(University College Cork, 2022) Stack, Jessica; Costello, Daniel; O'Reilly, Eilis
    Background: Epilepsy is a common and internationally recognised neurological disorder with often life-long implications for its sufferers and their families. While a number of studies have assessed the outcomes of epilepsy, there have been none carried out on a well-defined ‘all-comers’ cohort of patients identified in an epilepsy incidence study. Our primary aim was to evaluate the early history and mortality of newly diagnosed epilepsy and the impact of diagnosis on overall quality of life three years after diagnosis. In addition, the incidence of psychogenic non-epileptic seizures arising from the same original cohort was investigated both at the time of initial data collection and at a three-year follow-up point. Methods: The studied cohort had been previously identified and consisted of patients of all ages (excluding neonates) diagnosed with epilepsy and seizure mimics during 2017 among a population of 542,868 in Cork City and County, using already-published methods. Follow-up involved prospective and retrospective collection of data including phone interviews and interrogation of patient’s charts, clinic letters and electronic hospital databases for up-to-date information on seizure outcomes, quality of life indicators and deaths. Incidence rates for PNES were calculated for the initial time of data collection and at the three-year follow-up point to adjust for any changed diagnoses within the epilepsy and PNES cohorts. Data was collected in a pseudonymised format and stored in an encrypted excel file on a secure storage device. Data was analysed using SPSS software. Results: There were 334 definite and probable patients with newly diagnosed epilepsy defined in the 2017 cohort and 40 diagnosed with psychogenic non-epileptic seizures. At three-years, 75.85% of the epilepsy cohort were taking a single ASM with a large proportion (69.92%) reporting seizure freedom of over one year and a smaller number becoming drug-refractory (9.75%). A minority of participants reported negative impact of an epilepsy diagnosis on social outcomes such as driving, relationships, education, employment and mental health. Seventy-two people (21.5%) had died during the three years since diagnosis with a standardised mortality ratio (SMR) of 2.01. A further 13 had died by five years. Those aged 65 and over represented the age group with the highest number of deaths. The majority of deaths were secondary to infections and malignancy with a small number of direct seizure-related deaths. The initial crude incidence rate of possible PNES cases in the 2017 study was 7.37 per 100, 000 people which was recalculated as 7.55 per 100, 000 people at three years to include changed diagnoses within the PNES and epilepsy cohorts. Conclusion: The outcomes of this study are encouraging and indicate that the majority of newly diagnosed epilepsy patients will have good outcomes, with minimal numbers of injuries, hospitalisations, neuropsychiatric complications or other negative impacts on quality of life and a high level of seizure freedom. However, despite this generally favourable prognosis in epilepsy, premature mortality within the newly diagnosed cohort remains a significant concern, particularly for the already vulnerable older population. The incidence of PNES in this study was higher than previously quoted which may reflect the wide-ranging ascertainment methods, providing a more comprehensive assessment of the true incidence rates in Ireland.
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    Characterisation of the effect of electroporation and electrochemotherapy on cancer cells and immune cells in the tumour microenvironment
    (University College Cork, 2022-10) Bendix, Maura; Brint, Elizabeth K.; Houston, Aileen M.; Amu, Sylvie; Forde, Patrick; Health Research Board; Breakthrough Cancer Research
    Lung cancer is the leading cause of cancer-related death worldwide, with the lung cancer incidence rate expected to rise further. Despite recently developed novel therapy options, 5-year survival rates for lung cancer patients remains below 20% generally and below 5% for late-stage diagnosis, thus additional therapy options are still needed. Electrochemotherapy (ECT), the application of an electric pulse to deliver chemotherapy drugs into cells, could be a new treatment option for lung cancer patients. ECT is a locally very effective treatment, with local tumour reduction of up to 85%, while the systemic effects are more varied. For clinical application ECT treatment modalities have been standardized since 2006, after the ESOPE study, which optimized ECT parameters to 8 pulses at 1000V/cm with 100µs pulse length at 1Hz frequency and either bleomycin or cisplatin as the drug of choice. To evaluate whether ECT could be a potential treatment option for lung cancer patients’ ECT parameters, the needed electric field strength and the needed drug and drug concentration, were optimized for in vitro lung cancer research. In our study, we initially developed a standard operating protocol (SOP) to determine the optimal electric field strength for a given cancer cell line in vitro, while keeping the other ESOPE parameters constant. The developed SOP combined short-, medium-, and long-term assays to fully visualize the impact treatment, at a given field strength, has on the tested cancer cell line. This evaluation showed that human lung cancer cell lines (A549, H460 and SK-MES 1) and the human pancreatic Pan02 cell line have an optimal electric field strength of 800V/cm, the melanoma A375 (human) and B16F10 (murine) cell lines as well as the murine pancreatic Mia-PACA2 cell line have an optimal electric field strength of 700V/cm, while the murine Lewis Lung carcinoma (LLC) cell line has an optimal electric field strength of 1300V/cm. In addition, our study findings demonstrate that cisplatin at 11µM would be the drug of choice when using ECT for lung cancer treatments. In recent years while the importance of the immune system in lung cancer development and treatment results has become increasingly clear, little is known about how ECT treatments impact immune cells. Therefore, the impact of ECT on murine T cells, dendritic cells (DCs) and macrophages was evaluated in vitro. Our data indicates that while T cells are able to tolerate electric field strengths of up to 1400V/cm, DCs and macrophages are significantly negatively impacted by electric field strengths exceeding 800V/cm. Further investigation on the impact of ECT on dendritic cells demonstrated that DCs die via necrosis following ECT treatment, while ECT at electric field strength exceeding 1000V/cm leads to DC maturation and activation of the surviving cells. In addition, DCs remain partially functional following ECT treatment in a stimuli and treatment dependent manner with distinctively different sets of genes upregulated 4-hours post treatment at 800V/cm compared to treatment at 1000V/cm and 1300V/cm. Taken together, our data indicates that it is worthwhile to further investigate ECT as a potential therapy option for lung cancer patients, while more attention needs to be paid to the impact ECT has on immune cells in order to maximize treatment results.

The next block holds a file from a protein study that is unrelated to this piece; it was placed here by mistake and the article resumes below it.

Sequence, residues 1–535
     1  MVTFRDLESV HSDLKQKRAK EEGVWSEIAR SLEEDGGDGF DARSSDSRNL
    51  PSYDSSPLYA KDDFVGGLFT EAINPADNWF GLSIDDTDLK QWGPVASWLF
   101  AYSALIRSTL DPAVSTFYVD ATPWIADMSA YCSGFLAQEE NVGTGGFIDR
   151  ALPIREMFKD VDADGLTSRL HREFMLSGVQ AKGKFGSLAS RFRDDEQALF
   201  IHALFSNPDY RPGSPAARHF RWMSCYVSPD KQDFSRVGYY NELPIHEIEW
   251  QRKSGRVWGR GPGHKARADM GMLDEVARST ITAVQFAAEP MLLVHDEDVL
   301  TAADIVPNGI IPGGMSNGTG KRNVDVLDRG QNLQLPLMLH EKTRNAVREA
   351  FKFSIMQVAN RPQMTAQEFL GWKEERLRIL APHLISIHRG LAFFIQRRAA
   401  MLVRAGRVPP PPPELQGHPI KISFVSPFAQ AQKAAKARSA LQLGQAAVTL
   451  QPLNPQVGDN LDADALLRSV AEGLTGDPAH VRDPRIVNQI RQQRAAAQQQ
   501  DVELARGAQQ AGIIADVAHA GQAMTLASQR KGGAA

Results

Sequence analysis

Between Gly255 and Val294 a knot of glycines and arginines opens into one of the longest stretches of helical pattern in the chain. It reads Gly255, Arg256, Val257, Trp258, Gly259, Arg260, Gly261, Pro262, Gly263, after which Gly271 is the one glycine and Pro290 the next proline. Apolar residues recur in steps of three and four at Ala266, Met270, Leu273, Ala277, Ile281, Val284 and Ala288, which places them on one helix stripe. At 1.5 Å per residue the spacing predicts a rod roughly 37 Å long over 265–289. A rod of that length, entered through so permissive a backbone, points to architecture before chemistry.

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    A population-based epidemiologic study of adult neuromuscular disease in the Republic of Ireland
    (University College Cork, 2014) Lefter, Stela; Ryan, Aisling; Hardiman, Orla
    This research project generates for the first time prevalence rates (PR) for all adult neuromuscular diseases (NMD) as well as the incidence rates (IR) for Guillain-Barre syndrome (GBS) in the Republic of Ireland (ROI). Multiple case ascertainment sources were used to achieve as complete as possible case ascertainment to accurately estimate the country-wide prevalence. Acquired demyelinating polyneuropathies represented the biggest cohort (26.0%) followed by muscular dystrophies (22.5%) and myasthenia gravis (19.7%). For GBS, in the 20 year period (1992 to 2012), comparable with other international studies, incidence rates of 0.3-1.3 per 100,000 person-years were attained. Higher PR figures for chronic inflammatory demyelinating polyneuropathy and sporadic inclusion body myositis were found (5.87 per 100,000 and 11.7 per 100,000 in those older than 50 year, respectively) compared with previous studies. The PR for myasthenia gravis in ROI is comparable with countries such as Australia, Italy and Norway but is lower than in Northern Ireland. The PR for Charcot-Marie-Tooth disease and limb girdle muscular dystrophies were similar with United Kingdom PR; however, a definite diagnosis was attained in only one third of Irish patients. Given the fact that paediatric cases were excluded from our study, lower PR figures were obtained for dystophinopathies. Interestingly, the PR for myotonic dystrophy type 1 and facioscapulohumeral muscular dystrophy (FSHD) in the ROI was lower than in United Kingdom but not considerably. A high PR for periodic paralysis (PP) was found in our study, nearly ten times higher for Hyper PP and as twice as high for Hypo PP when compared with figures from England; however, the ROI figures were derived from large families suggesting a founder effect. Of all the inherited NMD, 46% of cases had a definite histopathology and/or genetic diagnosis. The combined PR for inherited and acquired NMD was high, 62.6 per 100,000, when compared with other chronic neurological diseases in ROI. During the course of the study, a definite genetic diagnosis was achieved in families with rare previously unreported NMD in ROI, such as Laing distal myopathy, Andersen Tawil syndrome and FSHD2. This research defines the burden of NMD in the ROI, raises awareness of these conditions, will facilitate earlier intervention where appropriate and will provide a strong argument for service provision for these patients. This research project will serve as a useful originator for future research studies, especially with regard to obtaining genetic confirmation of currently undefined cases.